In an interview broadcast Sunday, President Donald Trump revealed he has left the “option” open for U.S. military intervention in Venezuela.
“Well I don’t want to say that,” Trump said on CBS’ “Face The Nation” after host host Margaret Brennan asked about the possibility of American military intervention. “But certainly it’s something that’s on the — it’s an option.”
Trump also said Venezuelan President Nicolás Maduro had requested a meeting with him “a number of months ago,” but he turned the dictatorial leader down because “we’re very along the in the process.” Trump then boasted about the emergence of a “young and energetic gentleman,” a clear reference to 35-year-old Juan Guaido.
Guaido — the president of the National Assembly of Venezuela — became the international face of opposition to Maduro’s socialist government after declaring himself the legitimate president of the country in January. The Trump administration immediately recognized Guaido as the legitimate leader of Venezuela, with numerous other countries around the world following suit.
“That was the wealthiest country of all in that part of the world which is a very important part of the world,” Trump said of Venezuela’s economic downfall under socialist rule. “And now you look at the poverty and you look at the anguish and you look at the crime and you look at all of the things happening. So, I think the process is playing out – very very big tremendous protests.”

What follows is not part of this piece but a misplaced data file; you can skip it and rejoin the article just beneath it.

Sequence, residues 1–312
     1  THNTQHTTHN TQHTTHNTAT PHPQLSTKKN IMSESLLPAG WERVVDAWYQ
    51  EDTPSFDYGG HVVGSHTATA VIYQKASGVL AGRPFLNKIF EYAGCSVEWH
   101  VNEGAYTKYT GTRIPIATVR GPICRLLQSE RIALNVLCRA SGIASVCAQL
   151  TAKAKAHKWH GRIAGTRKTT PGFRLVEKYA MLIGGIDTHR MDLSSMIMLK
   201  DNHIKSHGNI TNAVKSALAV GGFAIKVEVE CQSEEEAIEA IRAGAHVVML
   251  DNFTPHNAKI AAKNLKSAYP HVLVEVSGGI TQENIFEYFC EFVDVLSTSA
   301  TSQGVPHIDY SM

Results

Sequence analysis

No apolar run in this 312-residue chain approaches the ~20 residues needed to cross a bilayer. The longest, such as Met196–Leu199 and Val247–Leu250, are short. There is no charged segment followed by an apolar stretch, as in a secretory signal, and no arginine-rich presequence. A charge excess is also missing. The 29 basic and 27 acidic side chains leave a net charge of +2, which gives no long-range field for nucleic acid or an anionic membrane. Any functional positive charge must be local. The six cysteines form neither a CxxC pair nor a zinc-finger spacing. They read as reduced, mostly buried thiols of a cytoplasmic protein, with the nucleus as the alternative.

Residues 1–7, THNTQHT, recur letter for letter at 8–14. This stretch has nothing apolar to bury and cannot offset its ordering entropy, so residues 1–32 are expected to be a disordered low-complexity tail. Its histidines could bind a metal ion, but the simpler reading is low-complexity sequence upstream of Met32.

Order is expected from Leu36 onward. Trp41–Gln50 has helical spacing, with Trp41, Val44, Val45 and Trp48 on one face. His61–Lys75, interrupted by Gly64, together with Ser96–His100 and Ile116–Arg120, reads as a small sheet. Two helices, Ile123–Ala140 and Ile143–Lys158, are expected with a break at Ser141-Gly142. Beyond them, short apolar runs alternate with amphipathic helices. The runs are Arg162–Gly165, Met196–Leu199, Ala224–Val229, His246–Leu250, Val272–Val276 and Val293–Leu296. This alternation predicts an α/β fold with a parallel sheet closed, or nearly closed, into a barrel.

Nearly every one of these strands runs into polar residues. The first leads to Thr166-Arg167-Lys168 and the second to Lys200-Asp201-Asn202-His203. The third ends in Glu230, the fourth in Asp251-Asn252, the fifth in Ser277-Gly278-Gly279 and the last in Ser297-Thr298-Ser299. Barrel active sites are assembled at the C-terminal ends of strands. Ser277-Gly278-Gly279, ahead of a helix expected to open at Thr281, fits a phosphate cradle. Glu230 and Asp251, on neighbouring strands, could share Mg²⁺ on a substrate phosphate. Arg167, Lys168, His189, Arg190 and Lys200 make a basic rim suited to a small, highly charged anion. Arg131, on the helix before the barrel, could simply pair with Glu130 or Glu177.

Maduro has been the leader of Venezuela since 2013, following in the footsteps of the late Hugo Chavez. Under years of socialist governance, Venezuela has experienced rapid economic decline and a humanitarian crisis that has led to an exodus of its population. Maduro recently “won” re-election to another six-year term in 2018, but international observers have widely characterized the election as fraudulent and illegitimate.
Guaido, a centrist politician, has pleaded for the need of an interim administration to oversee a democratic transition of power. Massive demonstrations calling for Maduro to step down have continued in Caracas and other parts of the country. Despite growing demands for Maduro’s exit, the dictatorial leader still wields control of Venezuela’s military, making it nearly impossible to oust him from power.
However, Guaido says he has held secret meetings with some the country’s military leaders, and he believes their loyalty to the socialist regime can be chipped away.
“No one is willing to sacrifice themselves for Maduro or take up arms to fight for him,” Guaido said to Time magazine on Friday, dismissing the idea that the political crisis will result in a civil war. “Increasingly, the obvious choice is to put it all aside.”
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